[FULL PRESS RELEASE]
KOREAN CONFEDERATION OF TRADE UNIONS UNIFICATION COMMITTEE (KCTU) AND U.S. LABOR AGAINST THE WAR SOLIDARITY DELEGATION TO KOREA
11AM, May 3, 2018 in front of the U.S. Embassy, Seoul
American and Korea Workers Welcome the Panmunjom Declaration, Call for Lasting Peace on the Korean Peninsula, and an End to U.S. Militarism in East Asia
A delegation of 20 unionist and community activists representing the U.S. Labor Against the War coalition has been visiting South Korea since May 1. They have participated in the International Workers’ Day Rally, showed support to the residents of Soseongri and Gimcheon in their fight for the removal of the THAAD missile defense system and discussed means to build a collective fight for demilitarization of U.S. foreign policy and peace on the Korean Peninsula, with Korean workers. USLAW supports the self-determination of people around the world and opposes U.S. intervention in the Middle East, Afghanistan, and Korea. USLAW opposes the militarization of police as a contributor to the intensification of international and domestic racism.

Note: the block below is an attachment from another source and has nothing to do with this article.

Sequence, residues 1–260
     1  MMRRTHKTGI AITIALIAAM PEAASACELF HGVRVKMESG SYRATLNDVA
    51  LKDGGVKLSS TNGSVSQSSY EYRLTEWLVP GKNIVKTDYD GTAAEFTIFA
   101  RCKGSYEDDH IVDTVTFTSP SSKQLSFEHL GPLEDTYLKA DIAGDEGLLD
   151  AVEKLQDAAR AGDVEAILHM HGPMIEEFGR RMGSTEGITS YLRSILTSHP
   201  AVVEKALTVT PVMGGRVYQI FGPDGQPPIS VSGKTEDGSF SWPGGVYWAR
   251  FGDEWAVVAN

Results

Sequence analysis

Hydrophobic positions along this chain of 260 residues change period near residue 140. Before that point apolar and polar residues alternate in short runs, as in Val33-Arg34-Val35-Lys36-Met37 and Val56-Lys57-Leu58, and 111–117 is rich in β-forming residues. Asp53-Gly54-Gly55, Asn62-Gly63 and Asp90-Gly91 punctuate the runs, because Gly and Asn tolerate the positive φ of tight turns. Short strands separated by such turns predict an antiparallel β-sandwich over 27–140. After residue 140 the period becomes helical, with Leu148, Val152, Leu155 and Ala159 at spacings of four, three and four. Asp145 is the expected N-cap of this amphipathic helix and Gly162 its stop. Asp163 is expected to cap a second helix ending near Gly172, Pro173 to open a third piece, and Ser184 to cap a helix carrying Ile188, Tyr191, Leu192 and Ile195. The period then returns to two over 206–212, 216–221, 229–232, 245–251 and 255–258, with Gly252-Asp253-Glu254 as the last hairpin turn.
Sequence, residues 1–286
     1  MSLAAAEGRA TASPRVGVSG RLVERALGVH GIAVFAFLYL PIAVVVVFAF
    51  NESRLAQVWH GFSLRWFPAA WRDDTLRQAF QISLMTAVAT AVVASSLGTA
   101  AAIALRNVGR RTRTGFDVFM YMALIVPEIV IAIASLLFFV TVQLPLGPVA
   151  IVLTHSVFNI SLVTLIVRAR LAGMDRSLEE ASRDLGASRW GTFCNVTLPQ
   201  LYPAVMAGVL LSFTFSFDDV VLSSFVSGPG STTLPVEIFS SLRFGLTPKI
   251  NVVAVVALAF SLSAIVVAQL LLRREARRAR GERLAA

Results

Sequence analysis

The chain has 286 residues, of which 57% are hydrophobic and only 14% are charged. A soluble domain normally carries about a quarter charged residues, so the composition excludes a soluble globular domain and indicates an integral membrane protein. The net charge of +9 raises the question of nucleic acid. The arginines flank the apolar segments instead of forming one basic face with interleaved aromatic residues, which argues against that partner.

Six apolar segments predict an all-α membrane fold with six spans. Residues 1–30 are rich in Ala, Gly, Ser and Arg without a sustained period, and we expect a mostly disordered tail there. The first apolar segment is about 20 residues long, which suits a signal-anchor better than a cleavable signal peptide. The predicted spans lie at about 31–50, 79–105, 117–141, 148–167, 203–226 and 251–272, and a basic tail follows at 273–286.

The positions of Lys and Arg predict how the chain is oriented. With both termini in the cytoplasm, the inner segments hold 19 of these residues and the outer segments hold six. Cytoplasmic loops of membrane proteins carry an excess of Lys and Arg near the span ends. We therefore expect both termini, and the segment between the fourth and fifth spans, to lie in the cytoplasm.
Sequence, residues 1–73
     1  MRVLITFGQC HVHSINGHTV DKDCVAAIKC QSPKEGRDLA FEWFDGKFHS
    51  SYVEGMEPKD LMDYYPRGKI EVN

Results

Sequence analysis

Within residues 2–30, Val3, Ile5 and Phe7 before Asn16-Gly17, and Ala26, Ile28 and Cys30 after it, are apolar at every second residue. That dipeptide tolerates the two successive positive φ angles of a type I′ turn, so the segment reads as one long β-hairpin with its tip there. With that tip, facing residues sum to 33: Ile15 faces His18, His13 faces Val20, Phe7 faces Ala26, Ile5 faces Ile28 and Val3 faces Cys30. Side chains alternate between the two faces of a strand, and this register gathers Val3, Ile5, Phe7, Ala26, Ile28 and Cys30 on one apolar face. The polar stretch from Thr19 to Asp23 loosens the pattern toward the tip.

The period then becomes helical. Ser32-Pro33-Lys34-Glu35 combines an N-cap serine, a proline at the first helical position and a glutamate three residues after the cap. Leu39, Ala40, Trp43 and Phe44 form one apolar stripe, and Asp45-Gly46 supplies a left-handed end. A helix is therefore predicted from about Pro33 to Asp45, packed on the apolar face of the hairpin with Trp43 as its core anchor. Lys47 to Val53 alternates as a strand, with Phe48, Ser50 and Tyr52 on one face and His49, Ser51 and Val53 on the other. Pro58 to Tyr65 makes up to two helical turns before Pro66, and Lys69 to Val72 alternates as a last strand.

The delegation has come at an unprecedented time in Korean and world history. On April 27 the leaders of South and North Korea walked back and forth across the Military Demarcation Line while holding hands and solemnly declared before South and North Korean society and the whole world that, “There will be no more war on the Korean Peninsula.”
Through the Panmunjom Declaration for Peace, Prosperity and Unification of the Korean Peninsula, they committed to dramatically improve South-North relations through exchange and cooperation, pursue trilateral or quadrilateral meetings toward the declaration of the end of the Korean War and the signing of a peace treaty, and work together towards full denuclearization of the Korean peninsula and the establishment of a peace regime on the Peninsula with the help of the international community.